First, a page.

The Individualized Program within Concordia’s School of Graduate Studies has a new, catchy name and a new director. Formerly known as SIP (Special Individualized Program), the program will now be known as INDI.
Brad Nelson, associate professor in the Department of Classics, Modern Languages and Linguistics (CMLL), takes over from David Howes, professor in the Department of Sociology and Anthropology, as the INDI Program’s new director.
“His work bringing together researchers from different fields and disciplines, his experience as a department chair, plus his commitment to developing the graduate program in Hispanic Studies make Brad a logical choice for this position,” says Concordia’s Vice-President, Research and Graduate Studies, Graham Carr.
The incoming director says he looks forward to meeting with faculty members from across the university who support INDI, as well as students, to improve the program’s offerings wherever possible.
“Ultimately, the goal will be to make INDI even more attractive and more competitive than it has been in the past … and reward the faith that the institution has placed in the program over the last several years,” said Nelson.
He also underlined the program’s robustness, a testimony to the work of outgoing Director David Howes and his team.
“I sort of feel like a kid who has been given the keys to a new car before he graduates,” Nelson said during his address to the assembled faculty members in the Engineering, Computer Science and Visual Arts Integrated Complex (EV Building). The program is functioning well, he added, and the fact that it continues to expand “is a clear signal that it is an institutional priority.”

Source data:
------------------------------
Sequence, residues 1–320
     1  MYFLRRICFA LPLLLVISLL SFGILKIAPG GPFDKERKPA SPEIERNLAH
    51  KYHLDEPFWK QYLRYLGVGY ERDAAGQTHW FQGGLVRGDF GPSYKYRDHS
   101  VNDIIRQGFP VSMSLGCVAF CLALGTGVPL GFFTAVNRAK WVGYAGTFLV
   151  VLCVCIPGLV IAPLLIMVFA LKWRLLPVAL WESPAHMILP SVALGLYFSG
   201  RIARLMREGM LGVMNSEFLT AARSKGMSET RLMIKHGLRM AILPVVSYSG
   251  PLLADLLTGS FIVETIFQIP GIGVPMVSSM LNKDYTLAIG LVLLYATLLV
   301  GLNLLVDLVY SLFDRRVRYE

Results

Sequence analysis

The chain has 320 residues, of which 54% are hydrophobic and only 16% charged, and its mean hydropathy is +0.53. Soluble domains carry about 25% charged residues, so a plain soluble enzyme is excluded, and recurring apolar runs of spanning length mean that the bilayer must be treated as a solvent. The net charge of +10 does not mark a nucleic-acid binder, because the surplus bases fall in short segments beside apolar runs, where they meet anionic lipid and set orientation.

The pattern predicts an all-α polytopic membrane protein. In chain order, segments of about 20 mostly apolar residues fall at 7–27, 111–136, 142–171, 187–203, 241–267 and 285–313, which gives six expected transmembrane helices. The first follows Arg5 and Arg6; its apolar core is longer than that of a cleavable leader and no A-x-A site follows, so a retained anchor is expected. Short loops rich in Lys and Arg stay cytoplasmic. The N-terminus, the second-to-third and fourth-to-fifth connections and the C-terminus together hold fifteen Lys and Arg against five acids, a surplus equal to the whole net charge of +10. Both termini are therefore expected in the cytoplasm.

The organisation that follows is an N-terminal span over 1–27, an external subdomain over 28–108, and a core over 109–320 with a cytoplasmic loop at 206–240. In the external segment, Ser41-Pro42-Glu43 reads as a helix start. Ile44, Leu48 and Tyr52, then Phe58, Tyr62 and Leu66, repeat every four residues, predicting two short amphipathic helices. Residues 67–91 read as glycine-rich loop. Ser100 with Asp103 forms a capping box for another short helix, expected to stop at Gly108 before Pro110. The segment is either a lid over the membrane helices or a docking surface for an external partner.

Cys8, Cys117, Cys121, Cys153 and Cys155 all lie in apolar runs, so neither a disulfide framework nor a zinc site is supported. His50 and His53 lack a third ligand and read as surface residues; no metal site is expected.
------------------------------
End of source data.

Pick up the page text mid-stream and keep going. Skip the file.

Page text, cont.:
Paula Wood-Adams, interim dean of Graduate Studies, thanked Howes for his significant contributions as the Individualized Program’s director. “We’re here to celebrate the work that David has done over the last few years, and to thank him for all of his efforts in bringing the program to where it is now.”
“We have streamlined the curriculum and opened up many research currents, which are evolving in interesting ways,” Howes said at the event. He recounted how one of the last things he did as director was work with the program committee to come up with a new name for the program, one that’s more in keeping with the “indie” spirit of the city that’s home to the university.
“When you think of Montreal, you think of independent music — Arcade Fire — you think of independent film — Jacob Tierney,” Howes said. “Montreal is the indie capital of Canada in terms of films and music, and now of academia.”
The term INDI is also more open to individual interpretation, he added. “Individualized, independent, interdisciplinary: the associations are endless, and they should be.”
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